A student once asked me if I thought lower gas prices would help the economy. "Not inherently," I said. "So what should they be?" I responded: "They should be at the price that accurately reflects the conditions of the market."
Economists know genuine growth doesn't come from high wages or cheap oil. It lies in efficiency because that allows us to do more with less. And the best way to get efficiency is to get everyone acting appropriately based on the conditions of the market. Thus the importance of accurate prices.
As Megan McArdle explains, this is where speculators come in. Because they believe gasoline is going to be more expensive, the price of oil today is higher than it would be and the price of oil later is lower than it would be. This allows us to better prepare for the future and adapt more smoothly than we otherwise would.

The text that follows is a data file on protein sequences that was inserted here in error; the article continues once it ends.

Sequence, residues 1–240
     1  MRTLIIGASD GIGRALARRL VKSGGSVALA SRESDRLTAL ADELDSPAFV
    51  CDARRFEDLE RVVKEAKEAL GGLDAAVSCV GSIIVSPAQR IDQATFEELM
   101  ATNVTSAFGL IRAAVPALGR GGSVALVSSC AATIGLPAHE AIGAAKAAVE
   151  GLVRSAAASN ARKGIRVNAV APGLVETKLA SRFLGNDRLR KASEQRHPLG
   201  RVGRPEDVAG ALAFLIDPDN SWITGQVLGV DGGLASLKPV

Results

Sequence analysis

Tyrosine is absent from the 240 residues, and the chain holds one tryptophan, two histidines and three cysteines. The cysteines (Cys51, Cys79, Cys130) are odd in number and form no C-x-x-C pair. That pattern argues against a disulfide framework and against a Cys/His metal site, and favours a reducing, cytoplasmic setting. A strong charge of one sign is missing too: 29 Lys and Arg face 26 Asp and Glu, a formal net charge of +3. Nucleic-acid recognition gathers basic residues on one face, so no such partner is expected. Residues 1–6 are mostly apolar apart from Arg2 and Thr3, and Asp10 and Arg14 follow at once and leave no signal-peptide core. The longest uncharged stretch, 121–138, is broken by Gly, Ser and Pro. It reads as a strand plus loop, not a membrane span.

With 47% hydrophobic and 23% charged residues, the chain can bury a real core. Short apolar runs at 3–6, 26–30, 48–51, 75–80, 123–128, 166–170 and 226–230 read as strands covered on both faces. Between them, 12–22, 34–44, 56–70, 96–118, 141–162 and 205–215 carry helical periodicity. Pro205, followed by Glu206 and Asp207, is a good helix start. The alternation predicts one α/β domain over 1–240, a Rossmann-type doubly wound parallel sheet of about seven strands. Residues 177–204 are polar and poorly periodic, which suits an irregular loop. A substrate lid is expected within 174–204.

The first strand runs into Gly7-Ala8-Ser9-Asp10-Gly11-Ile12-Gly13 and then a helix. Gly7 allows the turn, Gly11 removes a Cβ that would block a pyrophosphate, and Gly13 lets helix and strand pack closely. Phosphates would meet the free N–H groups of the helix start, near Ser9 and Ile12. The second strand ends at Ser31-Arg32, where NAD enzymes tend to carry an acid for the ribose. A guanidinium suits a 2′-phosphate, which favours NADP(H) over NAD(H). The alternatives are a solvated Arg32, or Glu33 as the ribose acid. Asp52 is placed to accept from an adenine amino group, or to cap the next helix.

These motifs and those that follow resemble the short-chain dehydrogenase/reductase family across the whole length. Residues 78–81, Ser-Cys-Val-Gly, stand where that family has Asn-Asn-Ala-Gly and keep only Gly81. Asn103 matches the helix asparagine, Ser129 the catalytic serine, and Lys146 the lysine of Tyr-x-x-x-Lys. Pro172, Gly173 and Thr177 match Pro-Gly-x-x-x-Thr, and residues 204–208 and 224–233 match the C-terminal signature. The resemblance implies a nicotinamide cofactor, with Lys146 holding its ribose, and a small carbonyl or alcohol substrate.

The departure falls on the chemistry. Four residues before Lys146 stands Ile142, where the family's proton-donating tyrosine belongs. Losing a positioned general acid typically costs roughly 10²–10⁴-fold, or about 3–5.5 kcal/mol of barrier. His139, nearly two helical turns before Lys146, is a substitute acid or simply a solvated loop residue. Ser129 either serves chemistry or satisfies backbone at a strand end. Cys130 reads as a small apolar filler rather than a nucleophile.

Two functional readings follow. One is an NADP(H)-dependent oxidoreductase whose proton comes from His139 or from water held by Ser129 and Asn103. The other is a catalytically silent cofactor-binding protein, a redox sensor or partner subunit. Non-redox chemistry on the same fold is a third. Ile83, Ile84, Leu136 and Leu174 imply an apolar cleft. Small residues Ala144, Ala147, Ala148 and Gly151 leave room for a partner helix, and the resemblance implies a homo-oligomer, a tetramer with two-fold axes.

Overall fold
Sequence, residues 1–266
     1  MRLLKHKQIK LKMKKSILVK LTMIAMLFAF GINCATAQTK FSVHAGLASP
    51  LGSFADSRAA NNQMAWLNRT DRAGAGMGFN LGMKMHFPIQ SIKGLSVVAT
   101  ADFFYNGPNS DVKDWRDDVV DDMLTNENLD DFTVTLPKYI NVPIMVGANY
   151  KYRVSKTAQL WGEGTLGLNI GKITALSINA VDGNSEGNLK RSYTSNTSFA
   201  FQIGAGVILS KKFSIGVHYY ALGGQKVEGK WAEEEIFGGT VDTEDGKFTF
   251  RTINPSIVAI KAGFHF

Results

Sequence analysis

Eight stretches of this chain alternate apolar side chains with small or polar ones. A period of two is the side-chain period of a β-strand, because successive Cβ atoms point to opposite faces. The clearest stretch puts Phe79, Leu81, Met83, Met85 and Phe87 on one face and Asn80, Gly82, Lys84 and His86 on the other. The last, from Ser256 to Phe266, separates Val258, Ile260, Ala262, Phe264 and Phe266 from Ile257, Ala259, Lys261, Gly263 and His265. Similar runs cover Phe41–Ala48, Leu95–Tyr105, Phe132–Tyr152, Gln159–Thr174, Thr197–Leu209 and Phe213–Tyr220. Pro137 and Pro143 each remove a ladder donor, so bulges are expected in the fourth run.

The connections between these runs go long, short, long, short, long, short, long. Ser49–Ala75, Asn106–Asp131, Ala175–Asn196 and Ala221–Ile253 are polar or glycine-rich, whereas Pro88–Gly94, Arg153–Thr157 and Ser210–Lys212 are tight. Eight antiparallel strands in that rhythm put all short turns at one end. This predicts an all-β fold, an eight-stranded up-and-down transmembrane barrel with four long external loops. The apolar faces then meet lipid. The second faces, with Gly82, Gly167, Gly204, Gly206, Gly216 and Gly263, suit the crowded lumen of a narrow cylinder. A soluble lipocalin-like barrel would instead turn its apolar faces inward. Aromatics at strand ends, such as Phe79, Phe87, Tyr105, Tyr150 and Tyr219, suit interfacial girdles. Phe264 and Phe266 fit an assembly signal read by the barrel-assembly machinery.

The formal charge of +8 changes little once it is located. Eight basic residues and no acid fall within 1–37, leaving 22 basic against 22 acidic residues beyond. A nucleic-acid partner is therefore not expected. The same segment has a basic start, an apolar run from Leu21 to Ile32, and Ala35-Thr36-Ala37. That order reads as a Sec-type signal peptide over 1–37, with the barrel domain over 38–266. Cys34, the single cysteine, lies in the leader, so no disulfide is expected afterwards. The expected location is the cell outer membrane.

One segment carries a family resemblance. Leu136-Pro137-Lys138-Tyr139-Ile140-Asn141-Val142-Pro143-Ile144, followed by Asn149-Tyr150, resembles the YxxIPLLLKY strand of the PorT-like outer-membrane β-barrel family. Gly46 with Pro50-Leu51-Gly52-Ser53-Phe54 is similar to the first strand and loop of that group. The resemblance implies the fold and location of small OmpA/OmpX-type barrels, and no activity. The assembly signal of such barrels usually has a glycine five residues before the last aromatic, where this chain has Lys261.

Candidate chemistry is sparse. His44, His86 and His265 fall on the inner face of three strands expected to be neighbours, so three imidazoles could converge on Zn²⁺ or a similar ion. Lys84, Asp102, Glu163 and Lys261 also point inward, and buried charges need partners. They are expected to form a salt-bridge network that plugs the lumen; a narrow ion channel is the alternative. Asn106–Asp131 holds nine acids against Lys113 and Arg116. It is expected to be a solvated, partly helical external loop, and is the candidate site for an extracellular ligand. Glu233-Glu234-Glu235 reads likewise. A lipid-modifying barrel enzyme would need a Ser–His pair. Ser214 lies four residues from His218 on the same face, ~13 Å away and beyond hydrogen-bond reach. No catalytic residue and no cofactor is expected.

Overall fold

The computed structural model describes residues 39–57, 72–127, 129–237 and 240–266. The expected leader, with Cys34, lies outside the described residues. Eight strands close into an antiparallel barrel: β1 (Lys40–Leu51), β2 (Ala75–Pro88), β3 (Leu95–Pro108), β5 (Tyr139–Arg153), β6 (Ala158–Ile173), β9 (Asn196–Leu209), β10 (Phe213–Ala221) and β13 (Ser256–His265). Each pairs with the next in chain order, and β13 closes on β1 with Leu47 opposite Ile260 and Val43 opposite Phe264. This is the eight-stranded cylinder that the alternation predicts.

Speculators aren't "gambling." They aren't even "guessing," as McArdle suggests they are. They're estimating. They're smart people working very hard to get reality right--that's how they get paid--and they've independently agreed that prices are just going to get higher. Thank your spectator because now you'll more smoothly consume gas and you won't be caught off guard by a sudden jump in prices. Now you can plan.
HT: Mike Mills